The most complete instance of codification in history is that of Justinian’s. That great Emperor reduced to one compact and consoli­dated body the whole mass of statutory law.

In India we have a Code for all the time, the Code of Manu, where law and the religion are interwoven. Hindu law was compiled by Raghunandan Shastri of Bengal at the instance of Aurangzeb, called Fatwai- Alamgiri. In 1919 Sir Hari Singh Gaur brought out Hindu law in the form of a Code.

After the integration of Indian States into Indian Union, the need for codification of law assumed great importance.

Real national unity could be achieved only when the several millions of inhabitants were welded together under the domain of common codified sets of law applicable to all citizens throughout the Indian Territory relating to inheritances, succession, property, taxation and other fiscal matters. In the case of law relating to marriage, divorce, adoption and religious and charitable endowments there could be sep­arate sets of codified laws for Hindus, Muslims, Christians, Sikhs, Parsecs and Buddhists’.

The advantages of enacted law are so great that they outweigh all the defects of the statute law. Enacted laws are uniform and certain; they are protection against arbitrary and faulty decisions and they protect the administration of justice from the errors of individual judg­ment. They tend to tender the law readily ascertainable and obtain unity over a large area.

It is sometimes supposed that codification dispenses with the case law altogether. This is a faulty notion. Case law will continue to grow even when the codes are complete.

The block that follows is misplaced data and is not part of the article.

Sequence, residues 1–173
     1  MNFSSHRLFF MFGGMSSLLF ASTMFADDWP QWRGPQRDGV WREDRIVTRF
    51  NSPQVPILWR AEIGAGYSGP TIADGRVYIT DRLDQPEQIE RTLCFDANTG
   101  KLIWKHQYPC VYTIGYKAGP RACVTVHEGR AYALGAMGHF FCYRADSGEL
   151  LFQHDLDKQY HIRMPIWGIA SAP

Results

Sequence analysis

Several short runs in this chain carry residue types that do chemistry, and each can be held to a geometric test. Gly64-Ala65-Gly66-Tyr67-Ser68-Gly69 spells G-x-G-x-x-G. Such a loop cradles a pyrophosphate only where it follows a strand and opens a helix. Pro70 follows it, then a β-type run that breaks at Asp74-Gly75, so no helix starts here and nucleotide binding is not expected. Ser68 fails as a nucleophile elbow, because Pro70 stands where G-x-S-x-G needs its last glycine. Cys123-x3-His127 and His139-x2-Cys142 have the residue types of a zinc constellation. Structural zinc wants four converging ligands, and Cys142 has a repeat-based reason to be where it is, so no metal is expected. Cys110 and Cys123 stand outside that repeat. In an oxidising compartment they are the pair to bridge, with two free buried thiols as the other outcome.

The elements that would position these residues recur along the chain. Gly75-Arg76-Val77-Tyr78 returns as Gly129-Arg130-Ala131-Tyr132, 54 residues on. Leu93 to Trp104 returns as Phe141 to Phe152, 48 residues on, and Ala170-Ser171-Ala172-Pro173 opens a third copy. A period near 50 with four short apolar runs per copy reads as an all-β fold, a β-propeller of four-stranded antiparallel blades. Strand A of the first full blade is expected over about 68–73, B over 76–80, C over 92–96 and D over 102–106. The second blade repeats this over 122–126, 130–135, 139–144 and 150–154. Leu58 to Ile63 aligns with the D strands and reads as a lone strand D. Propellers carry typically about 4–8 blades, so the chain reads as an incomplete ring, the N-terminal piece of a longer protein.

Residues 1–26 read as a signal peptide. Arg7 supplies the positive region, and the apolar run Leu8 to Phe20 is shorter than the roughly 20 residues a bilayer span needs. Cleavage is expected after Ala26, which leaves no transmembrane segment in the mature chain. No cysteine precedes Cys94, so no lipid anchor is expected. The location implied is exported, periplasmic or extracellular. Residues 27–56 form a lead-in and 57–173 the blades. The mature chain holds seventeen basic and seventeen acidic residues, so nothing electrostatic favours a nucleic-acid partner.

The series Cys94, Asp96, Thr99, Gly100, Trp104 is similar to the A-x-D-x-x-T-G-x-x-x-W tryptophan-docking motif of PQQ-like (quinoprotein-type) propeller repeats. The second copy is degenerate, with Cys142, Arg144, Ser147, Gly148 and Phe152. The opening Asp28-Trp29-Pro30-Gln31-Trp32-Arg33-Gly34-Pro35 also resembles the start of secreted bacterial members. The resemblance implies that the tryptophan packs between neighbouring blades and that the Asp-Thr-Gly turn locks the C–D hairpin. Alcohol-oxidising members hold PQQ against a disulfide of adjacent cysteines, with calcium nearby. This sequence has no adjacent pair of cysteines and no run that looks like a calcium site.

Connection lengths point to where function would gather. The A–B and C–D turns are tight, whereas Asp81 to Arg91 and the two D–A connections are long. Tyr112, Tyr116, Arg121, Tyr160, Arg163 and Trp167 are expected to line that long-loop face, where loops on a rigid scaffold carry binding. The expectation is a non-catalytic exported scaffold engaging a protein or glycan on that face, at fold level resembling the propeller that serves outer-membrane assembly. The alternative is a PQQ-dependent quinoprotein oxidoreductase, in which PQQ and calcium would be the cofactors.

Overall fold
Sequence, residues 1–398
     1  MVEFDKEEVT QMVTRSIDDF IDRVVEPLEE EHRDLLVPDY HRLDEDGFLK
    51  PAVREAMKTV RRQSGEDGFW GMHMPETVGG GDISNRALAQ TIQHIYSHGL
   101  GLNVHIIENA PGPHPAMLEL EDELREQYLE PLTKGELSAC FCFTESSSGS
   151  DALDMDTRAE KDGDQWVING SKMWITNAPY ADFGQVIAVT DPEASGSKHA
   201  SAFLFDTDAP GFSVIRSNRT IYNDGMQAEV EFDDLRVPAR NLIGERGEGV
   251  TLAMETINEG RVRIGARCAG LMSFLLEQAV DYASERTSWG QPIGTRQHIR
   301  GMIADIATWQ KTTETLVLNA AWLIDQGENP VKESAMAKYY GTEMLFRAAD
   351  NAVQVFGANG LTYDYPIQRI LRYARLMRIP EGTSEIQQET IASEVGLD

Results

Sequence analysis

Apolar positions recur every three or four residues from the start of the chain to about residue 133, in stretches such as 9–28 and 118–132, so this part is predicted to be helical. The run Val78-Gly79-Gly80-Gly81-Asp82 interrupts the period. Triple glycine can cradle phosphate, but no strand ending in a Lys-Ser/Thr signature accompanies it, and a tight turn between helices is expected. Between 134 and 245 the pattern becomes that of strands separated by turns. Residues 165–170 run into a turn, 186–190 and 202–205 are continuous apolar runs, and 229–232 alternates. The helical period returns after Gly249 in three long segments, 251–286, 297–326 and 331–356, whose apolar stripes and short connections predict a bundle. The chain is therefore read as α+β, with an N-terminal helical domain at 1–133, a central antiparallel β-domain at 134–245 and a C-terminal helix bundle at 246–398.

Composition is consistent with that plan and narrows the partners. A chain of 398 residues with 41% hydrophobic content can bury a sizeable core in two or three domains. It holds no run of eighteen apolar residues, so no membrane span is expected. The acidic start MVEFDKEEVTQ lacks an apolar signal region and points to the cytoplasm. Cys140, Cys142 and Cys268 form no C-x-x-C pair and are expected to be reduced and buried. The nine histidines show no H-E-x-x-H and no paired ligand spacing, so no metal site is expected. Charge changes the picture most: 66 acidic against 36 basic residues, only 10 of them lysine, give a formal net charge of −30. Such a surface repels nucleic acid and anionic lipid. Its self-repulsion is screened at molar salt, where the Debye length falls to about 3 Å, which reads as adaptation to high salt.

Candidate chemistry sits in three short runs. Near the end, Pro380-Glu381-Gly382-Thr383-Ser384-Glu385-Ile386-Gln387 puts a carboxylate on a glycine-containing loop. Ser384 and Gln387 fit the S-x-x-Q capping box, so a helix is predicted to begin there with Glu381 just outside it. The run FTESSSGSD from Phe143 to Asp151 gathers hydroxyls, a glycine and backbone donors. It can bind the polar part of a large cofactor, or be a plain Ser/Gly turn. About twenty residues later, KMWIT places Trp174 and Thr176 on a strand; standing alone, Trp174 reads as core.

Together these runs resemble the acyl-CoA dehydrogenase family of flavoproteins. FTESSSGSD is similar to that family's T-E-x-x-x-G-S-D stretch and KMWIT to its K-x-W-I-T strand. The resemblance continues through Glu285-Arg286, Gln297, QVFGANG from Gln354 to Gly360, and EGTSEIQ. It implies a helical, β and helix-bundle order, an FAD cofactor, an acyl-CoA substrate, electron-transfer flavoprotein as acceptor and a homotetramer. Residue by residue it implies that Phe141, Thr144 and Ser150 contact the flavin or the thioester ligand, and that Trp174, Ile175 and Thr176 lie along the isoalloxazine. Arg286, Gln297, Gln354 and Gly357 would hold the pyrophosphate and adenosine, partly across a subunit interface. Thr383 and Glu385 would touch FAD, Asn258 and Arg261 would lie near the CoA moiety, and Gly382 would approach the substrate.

It is true that in an age capable of producing a code, the law cannot keep pace with social conditions of life that are changing at a rapid pace. But codification is meant to benefit the laymen, who can easily lay their hands on the enacted or codified law.

By simplifying law and making it accessible in a partic­ular statute, they are saved of the worry of wading through bulky records and discovering the ratio decided of each case. It need not necessarily involve any change in the matter of the law though the occasion for codification docs afford an opportunity to effect desirable reforms in the existing law. A carefully close-knit codec greatly assists the judge in dispensing justice.

Salmond observes that codification does not mean the total dis­appearance of ease law, but merely the reversal of this relation between it and statute law. The function of precedent will be lo supplement, to interpret, to reconcile, and to develop the principle which the code contains.

Saving objects that a code stereotypes the natural growth of law, “you lend to incorporate your ignorance with your knowledge.” Bui a codec marks the full maturity of a system of law. There is bound to be a regular and scientific revision of the code.

Another objection levelled against codification is that a code cannot possibly deal with every particular case that may arise. A code never attempts to achieve that end. Experience has shown that the less detailed and more generalised a code is, the greater is its success.

Codification brings about simplicity, symmetry, intelligibility and logical coherence.